River of Uncertainty: Rafting and Skiing the Middle Fork of the Salmon River

Slashing a turn above Marsh Creek rafting and skiing the Middle Fork of the Salmon River. Photo by Allie Rood

By BCA pro athlete Martin Lentz

Each summer as raft guides on Idaho’s Middle Fork of the Salmon River, we gaze up at the inspiring peaks of the Frank Church Wilderness and imagine how the ridges and faces would look covered in snow. Even amidst the sweltering August heat, visions of pow turns fill our minds. This April, we rallied a crew and tried to manifest our dreams of skiing and rafting the Middle Fork of the Salmon River.

The plan was to run a rarely rafted upper tributary, Marsh Creek, down to the Middle Fork, then spend a couple of days on the upper section of the river, camping and skiing lines. Then we’d pack our boats and ride the melting snow we had just skied out down the lower section of the river.

Our crew was filled with competent boaters with years of experience on this river. However, no matter how much we planned, the trip was still full of uncertainty. Questions and doubts kept coming to mind as we prepared. Would there be enough water in Marsh Creek to carry our heavy boats? Would the snow line be low enough to ski our objectives? Would there be ice dams or logs across the river blocking our way? Would we be able to portage our rafts around Dagger Falls? Would the weather hold out or would we spend ten days soaking wet and miserable?

As the snow continued to fall in the rafting mecca of Stanley, ID, we rigged our boats and prepped our gear. All the while, we heard the murmurs and laughs from folks in town at our ambitious plan. We decided to rely on our ability as boaters and float the unfamiliar Marsh Creek in order to avoid trying to drag our boats and gear in 20-miles using sketchy old snowmobiles to the normal Boundary Creek put in. This was not an easy call, but ultimately, we had to trust our experience, follow our passion and push off down the river to lay those doubts to rest for ourselves.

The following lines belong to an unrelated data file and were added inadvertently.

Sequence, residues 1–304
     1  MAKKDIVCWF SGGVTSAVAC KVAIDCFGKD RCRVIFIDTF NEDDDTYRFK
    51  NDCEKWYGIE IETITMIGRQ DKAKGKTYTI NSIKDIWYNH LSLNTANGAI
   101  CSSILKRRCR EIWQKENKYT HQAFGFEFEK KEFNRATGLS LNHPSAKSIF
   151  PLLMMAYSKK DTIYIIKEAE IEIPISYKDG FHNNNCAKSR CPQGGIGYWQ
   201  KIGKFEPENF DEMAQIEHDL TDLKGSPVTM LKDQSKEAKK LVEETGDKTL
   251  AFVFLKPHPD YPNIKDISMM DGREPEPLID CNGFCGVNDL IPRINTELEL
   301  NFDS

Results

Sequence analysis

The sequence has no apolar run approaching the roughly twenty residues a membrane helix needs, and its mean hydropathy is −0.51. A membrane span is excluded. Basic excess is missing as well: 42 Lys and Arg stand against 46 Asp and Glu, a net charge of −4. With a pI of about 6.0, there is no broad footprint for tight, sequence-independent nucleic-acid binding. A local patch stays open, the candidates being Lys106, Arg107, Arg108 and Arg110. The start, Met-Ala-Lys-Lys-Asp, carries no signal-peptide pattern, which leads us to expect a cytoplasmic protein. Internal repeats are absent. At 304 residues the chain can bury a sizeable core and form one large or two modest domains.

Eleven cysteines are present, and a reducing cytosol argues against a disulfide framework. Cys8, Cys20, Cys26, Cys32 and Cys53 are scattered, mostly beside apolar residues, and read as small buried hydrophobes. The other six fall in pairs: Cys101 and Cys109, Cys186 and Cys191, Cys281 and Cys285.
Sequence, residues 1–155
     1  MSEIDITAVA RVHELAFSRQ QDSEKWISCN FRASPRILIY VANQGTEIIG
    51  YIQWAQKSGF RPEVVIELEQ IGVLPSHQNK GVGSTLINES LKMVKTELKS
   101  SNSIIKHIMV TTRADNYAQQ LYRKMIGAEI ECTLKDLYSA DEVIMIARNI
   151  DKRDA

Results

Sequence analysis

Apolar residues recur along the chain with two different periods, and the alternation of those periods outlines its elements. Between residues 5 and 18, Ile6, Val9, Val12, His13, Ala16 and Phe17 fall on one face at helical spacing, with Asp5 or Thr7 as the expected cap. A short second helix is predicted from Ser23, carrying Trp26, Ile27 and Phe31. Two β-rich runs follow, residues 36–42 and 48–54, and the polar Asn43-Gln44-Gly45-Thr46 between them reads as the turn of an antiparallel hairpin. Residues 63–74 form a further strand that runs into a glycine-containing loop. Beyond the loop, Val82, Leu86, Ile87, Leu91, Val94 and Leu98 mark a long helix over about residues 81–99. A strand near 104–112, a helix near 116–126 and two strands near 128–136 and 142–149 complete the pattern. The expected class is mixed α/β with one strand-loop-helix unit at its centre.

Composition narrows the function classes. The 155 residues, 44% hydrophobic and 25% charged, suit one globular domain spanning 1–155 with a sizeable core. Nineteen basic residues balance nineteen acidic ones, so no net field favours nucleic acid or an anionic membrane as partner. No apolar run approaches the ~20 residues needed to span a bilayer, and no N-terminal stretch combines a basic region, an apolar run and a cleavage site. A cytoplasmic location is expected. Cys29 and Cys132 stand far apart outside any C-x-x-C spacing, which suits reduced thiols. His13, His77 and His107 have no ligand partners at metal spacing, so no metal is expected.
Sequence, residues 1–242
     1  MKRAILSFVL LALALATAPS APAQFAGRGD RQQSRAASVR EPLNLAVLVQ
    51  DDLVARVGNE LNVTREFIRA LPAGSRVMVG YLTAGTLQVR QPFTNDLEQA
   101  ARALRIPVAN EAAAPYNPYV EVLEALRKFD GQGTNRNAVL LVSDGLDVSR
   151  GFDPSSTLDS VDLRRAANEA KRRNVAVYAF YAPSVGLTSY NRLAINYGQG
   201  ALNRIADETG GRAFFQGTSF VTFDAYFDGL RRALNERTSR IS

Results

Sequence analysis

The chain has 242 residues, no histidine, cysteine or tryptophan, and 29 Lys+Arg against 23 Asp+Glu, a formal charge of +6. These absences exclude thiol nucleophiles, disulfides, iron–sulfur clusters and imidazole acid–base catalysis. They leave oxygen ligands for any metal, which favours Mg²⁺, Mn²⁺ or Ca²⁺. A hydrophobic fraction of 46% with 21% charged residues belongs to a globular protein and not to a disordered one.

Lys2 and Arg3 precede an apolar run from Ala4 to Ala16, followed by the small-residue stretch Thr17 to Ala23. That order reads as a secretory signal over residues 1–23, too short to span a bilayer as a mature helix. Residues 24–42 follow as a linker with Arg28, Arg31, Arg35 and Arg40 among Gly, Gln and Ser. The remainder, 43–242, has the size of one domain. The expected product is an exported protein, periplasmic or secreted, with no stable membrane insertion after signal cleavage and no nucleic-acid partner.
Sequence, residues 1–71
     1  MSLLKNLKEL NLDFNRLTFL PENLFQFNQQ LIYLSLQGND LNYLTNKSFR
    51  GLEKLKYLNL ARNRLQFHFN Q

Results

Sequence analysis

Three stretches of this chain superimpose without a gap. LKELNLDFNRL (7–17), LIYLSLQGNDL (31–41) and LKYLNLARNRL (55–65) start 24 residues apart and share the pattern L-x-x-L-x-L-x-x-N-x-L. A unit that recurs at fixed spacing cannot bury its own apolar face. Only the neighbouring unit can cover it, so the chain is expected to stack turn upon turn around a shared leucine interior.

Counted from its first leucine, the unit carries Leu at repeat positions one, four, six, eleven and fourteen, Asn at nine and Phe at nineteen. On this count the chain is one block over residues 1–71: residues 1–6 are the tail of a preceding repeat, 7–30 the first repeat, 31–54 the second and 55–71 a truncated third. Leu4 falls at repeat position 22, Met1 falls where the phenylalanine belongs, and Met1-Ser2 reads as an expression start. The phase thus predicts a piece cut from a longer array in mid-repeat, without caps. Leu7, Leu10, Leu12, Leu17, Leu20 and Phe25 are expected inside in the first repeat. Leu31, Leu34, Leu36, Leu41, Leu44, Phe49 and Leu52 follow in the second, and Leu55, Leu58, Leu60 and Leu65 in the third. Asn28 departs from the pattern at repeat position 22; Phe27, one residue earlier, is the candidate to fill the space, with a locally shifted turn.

“Will they even float?” Rigging our boats and sizing up the tiny creek while dodging traffic on Highway 21. Photo by Martin Lentz

With nervous laughs, we launched our boats from the guardrail of Highway 21 directly into a creek that was about a foot deep with banks just wide enough for our boats to squeeze through. This creek led us to Marsh Creek which would ultimately dump us into the Middle Fork of the Salmon. The first day of rafting could be best described as “full-body boating,” with one person punching the oars and the other knee deep in the river, wrestling the raft off rocks and around obstacles. By afternoon we’d made it four exhausting miles down Marsh Creek and decided to set up camp with enough daylight to ski a quick lap through a nearby burn forest.

On day two, we encountered a tree down across the river, creating a river-wide strainer. Through a coordinated team effort, we were able to cut a portion of the tree out and using a system of ropes, line our boats down through the gap in the dangerous logjam. The day ended when we reached Dagger Falls, marking the official start of the Middle Fork. Each day felt more exhausting as next as we carried all our boats and gear around the ‘un-runnable’ rapid and into the more familiar water.

What we came for: skiing lines for miles, high above the Salmon River corridor on Big Soldier Mountain. Photo by Ryan Holmes